Over this series of blogs, we will look at a multitude of questions to consider as you think about the possibilities of living a part-time expat lifestyle. Firstly, let’s look at change.
Change. This word probably describes the expat’s life like no other word can. To be certain, change is at the core of the decision to become a part-time expat. Living in another culture, learning another language, adapting to climate and language, learning nuances of your adopted culture, and experiencing all the other myriad of thing inherent in the move will mean that change will be continual for a while.
So, with the reality that if you’re going to consider becoming a part-time expat, change is inevitable, lets’ look at some questions that might help clarify your own reactions to change and perhaps give you some ways to deal with changes. It is one thing to ask yourself about change, answering this way or that; it is another to answer and then seek ways to lessen the impact or bring a new perspective to the change. I encourage you to consider the questions I’m presenting in this series of blogs, to discuss them with your spouse or significant partner. Give them some time and thought. Wrestle with them. Some of them will have quick answers; others will take time to process. What I believe will be valuable is the thinking, the realizing, and the gaining of perspective that will emerge as a result of spending time with these questions.
Let’s dive right in …
How do I handle change? Do I avoid it? Do I dread it? Do I welcome it? Think of some major changes you have experienced in the past. What were your reactions to the change? How did you cope? What brought relief and peace amid change? Living overseas takes some major doses of flexibility and adaptability – after all, you are living in a different world. Do you adapt easily to new situations?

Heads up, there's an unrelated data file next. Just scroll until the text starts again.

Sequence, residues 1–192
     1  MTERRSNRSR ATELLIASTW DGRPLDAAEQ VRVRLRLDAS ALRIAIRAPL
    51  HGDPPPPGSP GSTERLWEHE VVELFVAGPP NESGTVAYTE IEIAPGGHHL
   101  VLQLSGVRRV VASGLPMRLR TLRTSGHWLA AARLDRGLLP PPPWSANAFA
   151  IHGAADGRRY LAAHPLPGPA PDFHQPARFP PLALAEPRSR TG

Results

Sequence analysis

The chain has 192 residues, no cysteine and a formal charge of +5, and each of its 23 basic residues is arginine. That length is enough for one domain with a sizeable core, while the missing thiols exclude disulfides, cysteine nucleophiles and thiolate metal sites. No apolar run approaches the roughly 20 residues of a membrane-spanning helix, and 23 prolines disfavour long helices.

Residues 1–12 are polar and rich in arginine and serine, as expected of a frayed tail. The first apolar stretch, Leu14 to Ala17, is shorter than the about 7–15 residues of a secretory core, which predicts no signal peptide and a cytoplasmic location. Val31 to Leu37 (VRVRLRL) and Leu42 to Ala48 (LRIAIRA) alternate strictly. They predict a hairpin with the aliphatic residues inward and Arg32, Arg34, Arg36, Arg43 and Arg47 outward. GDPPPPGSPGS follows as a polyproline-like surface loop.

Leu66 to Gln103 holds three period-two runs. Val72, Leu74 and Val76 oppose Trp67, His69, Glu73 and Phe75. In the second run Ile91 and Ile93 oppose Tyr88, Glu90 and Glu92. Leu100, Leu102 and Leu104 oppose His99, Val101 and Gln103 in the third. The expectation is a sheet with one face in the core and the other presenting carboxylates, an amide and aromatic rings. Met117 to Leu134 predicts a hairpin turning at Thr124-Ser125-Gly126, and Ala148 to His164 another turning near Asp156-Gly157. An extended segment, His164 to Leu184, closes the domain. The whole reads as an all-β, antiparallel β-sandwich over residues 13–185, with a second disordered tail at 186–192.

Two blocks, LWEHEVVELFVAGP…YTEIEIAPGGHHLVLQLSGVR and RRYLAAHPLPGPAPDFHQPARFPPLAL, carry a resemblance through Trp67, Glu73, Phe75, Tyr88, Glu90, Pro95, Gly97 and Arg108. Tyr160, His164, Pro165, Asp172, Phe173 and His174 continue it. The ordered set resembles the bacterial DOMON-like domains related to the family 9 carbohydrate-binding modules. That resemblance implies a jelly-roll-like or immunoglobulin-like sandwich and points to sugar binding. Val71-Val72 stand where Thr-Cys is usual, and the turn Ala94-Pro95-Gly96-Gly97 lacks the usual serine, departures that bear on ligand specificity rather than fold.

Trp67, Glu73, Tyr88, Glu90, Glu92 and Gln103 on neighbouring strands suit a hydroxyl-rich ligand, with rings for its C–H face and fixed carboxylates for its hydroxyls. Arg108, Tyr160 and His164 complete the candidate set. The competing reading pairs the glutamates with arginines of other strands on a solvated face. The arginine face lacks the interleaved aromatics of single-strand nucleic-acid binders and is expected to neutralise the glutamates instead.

Are you able to switch gears in your mind easily?
Am I eager to learn and grow personally? Does learning something new or stretching myself intellectually or physically motivate me or discourage me? The fact is, whether you plan for it or not, you are going to grow if you move overseas. It is inevitable. So, how will you face that growth? Will you go kicking and screaming, or will you run into it with arms wide open, ready to embrace the growth?
The interesting thing is that you won’t be able to plan your growth. It will just happen to you because of the experiences you will encounter. Learning? Yes, you can plan specific things you want to learn such as language or local recipes, but again, most of your learning will take place because of your new experiences. If you don’t want to grow, and you prefer that everything stay the same as it is now, then moving overseas is probably not a good choice for you. Unless … you are willing to be willing, and open yourself to learning and growing. (One more thing: if you are planning to move overseas and have everything be the same as it is at home, you will only make yourself miserable by moving. It just simply is not possible to move into another culture and have everything be the same as you are accustomed to.)
But, if you go into this process eager to learn, fascinated by what you will learn about yourself, and excited to embrace change within yourself, you will be rewarded richly. For significant personal growth and learning, there are few experiences that provide the depth and opportunity that moving overseas provides.
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